Through her novel, Bronte gives us a window into her time, and also gives us a heroine who stays true to her principles, who is a strong, passionate and independent woman. Jane suffered unspeakable cruelty and injustice in her childhood, she did not let that break or define her though. Jane is admirable for being able to move above and past the horrors of her childhood. She is a shy, gentle and passionate woman who wants to be accepted for her mind and soul, not for money or appearance. Society (even today)places too much importance on looks and status, it is the person inside and our actions that should count most in this world. This novel tackles these issues at a time when they were of paramount importance to all who lived.
The character best remembered from this story by most people, is the brooding master of Thornfield Hall, one Mr. Rochester. Like Jane, Rochester had a deeply unhappy childhood, he wants true love and contentment more than anything else in this world. Despite his marriage to Bertha, Rochester wants Jane, he needs her and wants (and deserves)his own happiness too. Some will judge him harshly for wanting to marry a woman despite already being married.
I don’t hate Rochester for that, on the contrary, I pity him and respect him. We see he was not cruel to Bertha, he looked after her. He could have just shipped her off to the nearest asylum and dumped her there, but he didn’t. Between him and Grace caring for her she was well looked after, and was treated with compassion and as much dignity as possible.
At the asylum Bertha no doubt would have been badly treated and been scared. So he gets all my respect for keeping her at home. Secondly Bertha was raving mad, Rochester was told nothing of this when his marriage to her was arranged. How would you react and feel if you were him? He lives a pretty depressing life for years, until the kind, pure and fresh Jane comes into his life. Here is the wife he should have had.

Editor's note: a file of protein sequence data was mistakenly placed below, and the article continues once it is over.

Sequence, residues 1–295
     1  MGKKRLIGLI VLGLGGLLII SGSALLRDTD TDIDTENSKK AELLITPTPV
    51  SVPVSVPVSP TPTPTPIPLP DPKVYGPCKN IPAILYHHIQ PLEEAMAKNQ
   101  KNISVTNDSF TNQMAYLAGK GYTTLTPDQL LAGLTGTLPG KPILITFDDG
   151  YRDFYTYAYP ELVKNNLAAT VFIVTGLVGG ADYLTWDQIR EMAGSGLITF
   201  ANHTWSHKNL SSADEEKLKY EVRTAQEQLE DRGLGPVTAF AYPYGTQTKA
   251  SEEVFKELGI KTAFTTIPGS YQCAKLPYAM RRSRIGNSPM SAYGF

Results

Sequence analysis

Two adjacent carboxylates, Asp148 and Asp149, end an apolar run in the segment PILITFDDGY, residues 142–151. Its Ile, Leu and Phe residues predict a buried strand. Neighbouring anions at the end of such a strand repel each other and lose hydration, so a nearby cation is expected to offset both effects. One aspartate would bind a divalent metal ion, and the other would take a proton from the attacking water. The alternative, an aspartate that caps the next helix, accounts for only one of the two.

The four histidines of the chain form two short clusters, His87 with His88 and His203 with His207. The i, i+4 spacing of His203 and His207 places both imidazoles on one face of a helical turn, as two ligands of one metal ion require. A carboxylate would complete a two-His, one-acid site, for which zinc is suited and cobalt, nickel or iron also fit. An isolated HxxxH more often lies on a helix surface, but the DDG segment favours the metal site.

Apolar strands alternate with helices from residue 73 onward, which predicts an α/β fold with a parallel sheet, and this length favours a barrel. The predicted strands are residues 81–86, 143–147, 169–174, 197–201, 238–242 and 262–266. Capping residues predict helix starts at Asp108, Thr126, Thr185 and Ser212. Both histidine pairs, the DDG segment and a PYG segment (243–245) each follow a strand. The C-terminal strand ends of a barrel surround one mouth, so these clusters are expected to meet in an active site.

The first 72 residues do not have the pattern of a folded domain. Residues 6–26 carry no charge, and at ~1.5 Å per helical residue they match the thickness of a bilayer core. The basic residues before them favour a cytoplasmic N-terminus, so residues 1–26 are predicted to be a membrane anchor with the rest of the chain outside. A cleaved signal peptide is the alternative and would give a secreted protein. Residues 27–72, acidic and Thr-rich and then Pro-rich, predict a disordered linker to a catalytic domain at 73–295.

I see no problem with him taking Jane as his wife because why should he remain married to someone who wasn’t even aware of his existence? At least he didn’t try and take Jane as his mistress, he was all set to marry her until Mason showed up. I’m pretty shocked that you couldn’t divorce due to mental illness in those days. I understand the “in sickness and in health”vow, but I think that should only apply if something develops during the marriage, Bertha had a pre-existing condition that was kept from Rochester who quickly discovered the truth shortly after the marriage. Why should he have to stay married in that instance?
I’m in two minds about Jane’s reaction when she learns the truth. I get that her religious/moral convictions made her think she had no choice but to leave and not stay and marry him. On the other hand why couldn’t she see what I said earlier? It’s not like he was cheating on his wife, she was his wife in name only anyway, they were not intimate either emotionally or physically. So where is the harm in staying with him?
I’ve read this again recently and picked up on something I never noticed before. It seems like Jane only gives herself one hundred percent to Rochester when he is no longer in control of their situation. At the end he is a blind cripple, he no longer has any dominance in their relationship. He had experience in physical love and matters of the heart and he played with her early in the story due to her inexperience in these things. Now he cannot see her reactions to (say a kiss they share, or how she reacts on their wedding night.) To me it’s like she didn’t like to be seen (at times) and now he can’t see her she comes to him. He can no longer be in control of their intimate moments the way he is at the end ( I know later he regains eyesight.) This doesn’t take anything away from this romantic story, but it does add an aspect to think about. Has anyone else noticed this?
In short, JE is a novel that I never get bored of returning to. It’s well written, descriptive, vivid and moves me so much. Bronte’s characters are as interesting and alive today, as they were when they first appeared in 1847.
In my next post I will share my favourite screen adaptation of the novel.
What are your thoughts on the novel? I welcome you comments and thoughts on my observations and views of Bronte’s story. Please leave your comments below.